Children with language difficulties need to have emotional and social supports. Unless these are more fully developed, the language will be fragmented and lack meaning (Greenspan, pg. 32). Before language development can come, improving the understanding of non-literal and non-verbal communications need to be worked upon. There are 6 main milestones for children: self regulation and interest in their surrounding world; intimacy; two way communication; complex communication; emotional ideas; and emotional thinking. In Greenspan’s floor time model the first goal is to encourage attention and intimacy which helps in the further development of the first two milestones. The parent will actively participate in a period of play therapy engaging their child in creative play allowing the child some direction over the course of the session and taking interest in their activities as well as providing encouraging feedback. Self-regulation becomes difficult for some children because sensory stimulation can be so overwhelming or their attention may wander (Greenspan, Essential Partnership, pg. 8). Difficulties in intimacy occur because the child is not able to effectively read the cues being given. Often times the children will have an easier time with adult relationships because adults are more able to adjust their cues to the level of understanding of the child whereas this does not always occur with peers. A part of reaching out to these children and guiding them in the intimacy milestone is to provide them opportunities to interact with peers and to have them be able to relate back what the other person is stating and feeling. Making use of social stories and role plays can be helpful in aiding the child in understanding the feelings of others as well as their own feelings. A social story is a device used where a make believe dialogue is constructed and the child is asked to fill in the gaps. “A social story is a story written to specific guidelines to describe a situation in terms of relevant cues and common responses (Gray & Granard, 1993). The use of comic strip conversations can also be employed. “A comic strip conversation is the genuine ‘art of conversation’. This approach incorporates the use of simple drawings and color to illustrate an ongoing communication. This provides additional support to (children) who struggle to understand the quick exchange of information in a conversation (Gray, 1994). An advanced form of the social story is what is termed the ‘thinking story’. “Thinking stories demonstrate the variety of possibilities as to what people may be thinking when they make certain statements, or when they display certain behaviors…Thinking stories follow a specific, structured format, using picture symbols from Comic Strip Conversations to define and illustrate the abstract concepts covered in the story (Baron-Cohen, 1990, Dawson &Fernald, 1987). The person or therapist using the social story can help guide the child through and the use of feelings charts can also be a beneficial aid. To reach the milestones of two way communication and complex communication, it is important within the sessions that the parents have that they utilize a dialogue with the child, help guide them to use their face, emotions, hands, to convey their needs and desires. Encouraging the child’s imagination and creativity will help in the development of the complex communication as they begin to move towards problem solving. Lastly, it is important to work on logical thought, being able to take the things they have learned from the parent’s coaching and to actually be able to convey some insight and understanding of the world.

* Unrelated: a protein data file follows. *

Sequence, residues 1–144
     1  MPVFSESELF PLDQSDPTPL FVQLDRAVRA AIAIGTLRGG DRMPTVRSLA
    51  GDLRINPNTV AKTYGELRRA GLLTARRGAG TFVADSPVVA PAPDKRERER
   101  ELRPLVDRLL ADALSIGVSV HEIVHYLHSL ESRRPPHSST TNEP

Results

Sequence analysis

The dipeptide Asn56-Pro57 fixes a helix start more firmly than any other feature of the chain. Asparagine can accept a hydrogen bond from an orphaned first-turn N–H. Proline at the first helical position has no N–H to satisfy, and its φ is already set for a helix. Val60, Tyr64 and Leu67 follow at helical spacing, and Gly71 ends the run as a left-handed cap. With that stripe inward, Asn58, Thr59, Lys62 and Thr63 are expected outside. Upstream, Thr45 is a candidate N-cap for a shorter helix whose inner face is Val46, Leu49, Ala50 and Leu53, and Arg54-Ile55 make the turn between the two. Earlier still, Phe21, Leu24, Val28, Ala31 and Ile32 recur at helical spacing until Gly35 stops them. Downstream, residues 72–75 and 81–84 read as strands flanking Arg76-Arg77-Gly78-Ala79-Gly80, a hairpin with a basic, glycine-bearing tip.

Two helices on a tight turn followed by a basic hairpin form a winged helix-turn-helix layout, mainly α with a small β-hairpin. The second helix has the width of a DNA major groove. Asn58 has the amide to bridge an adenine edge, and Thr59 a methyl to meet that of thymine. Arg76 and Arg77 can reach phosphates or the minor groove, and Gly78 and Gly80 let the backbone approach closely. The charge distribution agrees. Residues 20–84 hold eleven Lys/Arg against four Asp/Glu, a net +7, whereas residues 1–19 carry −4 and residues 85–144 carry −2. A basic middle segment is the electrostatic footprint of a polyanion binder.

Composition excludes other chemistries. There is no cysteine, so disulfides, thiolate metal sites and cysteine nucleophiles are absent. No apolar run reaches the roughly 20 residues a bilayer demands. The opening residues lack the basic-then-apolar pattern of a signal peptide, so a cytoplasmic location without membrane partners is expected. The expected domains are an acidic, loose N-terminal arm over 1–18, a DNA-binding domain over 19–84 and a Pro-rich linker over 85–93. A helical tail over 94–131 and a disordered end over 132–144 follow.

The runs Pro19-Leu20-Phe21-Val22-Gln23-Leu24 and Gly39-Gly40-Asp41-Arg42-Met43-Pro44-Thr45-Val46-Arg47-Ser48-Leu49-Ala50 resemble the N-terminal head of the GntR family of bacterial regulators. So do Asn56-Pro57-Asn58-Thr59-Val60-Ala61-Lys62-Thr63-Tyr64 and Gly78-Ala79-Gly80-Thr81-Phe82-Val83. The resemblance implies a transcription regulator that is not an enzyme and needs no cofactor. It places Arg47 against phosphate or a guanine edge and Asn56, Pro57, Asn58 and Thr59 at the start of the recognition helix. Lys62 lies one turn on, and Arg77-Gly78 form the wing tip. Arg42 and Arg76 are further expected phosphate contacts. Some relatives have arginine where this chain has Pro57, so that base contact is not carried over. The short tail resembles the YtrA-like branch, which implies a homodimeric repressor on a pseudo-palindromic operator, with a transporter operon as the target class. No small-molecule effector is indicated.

In the play therapy sessions, it is important for the parent and/or therapist to actively participate. The purpose should not be to entertain the child, but to interact with the child. Seek to draw near to the child, but this should not be forced, allow the child to express themselves at their particular pace. Use lots of gesturing and cueing and become a part of their imaginative play, allow them to show and teach you something about their world. It is important to not just tolerate their feelings and certainly not be dismissive of them, but allow the child to express their feelings openly being able to distinguish feelings from behavior. Don’t be afraid to challenge the child in new skills, they will be eager to learn as long as the challenge is not forced. From time to time, you will notice that these children will become obsessed with routines or repetition, so in the play do something to break the routine or repetition. If a child is repeating a certain topic or action, do something entirely different that will focus their attention elsewhere. Do not be repetitive in your directives and follow a plan of rote learning, allow the child to explore and display what they do know. It is important to ask open ended questions, let the children explain to you. Find out what these children find meaning in, and seek to have them tell you why. Don’t judge or evaluate their answers, but be a listener. Help the child to brainstorm new ideas, and particularly when conflict arises, let them be able to perform some self assessment, sit as a partner as they develop adaptive responses and utilize them. Don’t be afraid to allow the child to fail from time to time, they will learn and gain insight from their trial and error. When the child is expressing certain thoughts and feelings, help them to be able to label what it is they are expressing (Greenspan, Essential Partnership, pg. 20)